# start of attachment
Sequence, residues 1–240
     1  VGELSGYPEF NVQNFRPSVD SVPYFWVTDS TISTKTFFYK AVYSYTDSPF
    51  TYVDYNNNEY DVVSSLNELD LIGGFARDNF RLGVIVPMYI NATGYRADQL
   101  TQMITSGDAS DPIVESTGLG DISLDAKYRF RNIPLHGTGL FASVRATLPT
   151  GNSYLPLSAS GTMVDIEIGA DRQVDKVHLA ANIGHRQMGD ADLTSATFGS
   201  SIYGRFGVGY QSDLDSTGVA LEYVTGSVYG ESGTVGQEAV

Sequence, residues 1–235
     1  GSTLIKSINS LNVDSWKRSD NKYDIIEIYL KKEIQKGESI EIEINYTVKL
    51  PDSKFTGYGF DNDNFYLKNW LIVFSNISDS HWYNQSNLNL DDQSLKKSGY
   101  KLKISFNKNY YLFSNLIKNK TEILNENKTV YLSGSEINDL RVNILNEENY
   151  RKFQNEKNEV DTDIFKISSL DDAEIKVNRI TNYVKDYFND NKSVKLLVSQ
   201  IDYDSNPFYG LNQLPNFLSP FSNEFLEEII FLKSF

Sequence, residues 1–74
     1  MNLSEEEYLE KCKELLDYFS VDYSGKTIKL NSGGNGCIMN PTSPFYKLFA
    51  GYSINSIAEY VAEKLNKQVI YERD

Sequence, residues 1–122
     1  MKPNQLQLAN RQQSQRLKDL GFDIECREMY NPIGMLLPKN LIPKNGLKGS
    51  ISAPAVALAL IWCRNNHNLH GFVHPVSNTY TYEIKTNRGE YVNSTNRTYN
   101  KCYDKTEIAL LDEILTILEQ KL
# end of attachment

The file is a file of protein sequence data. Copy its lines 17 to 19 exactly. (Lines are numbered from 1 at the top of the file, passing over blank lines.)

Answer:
     1  MKPNQLQLAN RQQSQRLKDL GFDIECREMY NPIGMLLPKN LIPKNGLKGS
    51  ISAPAVALAL IWCRNNHNLH GFVHPVSNTY TYEIKTNRGE YVNSTNRTYN
   101  KCYDKTEIAL LDEILTILEQ KL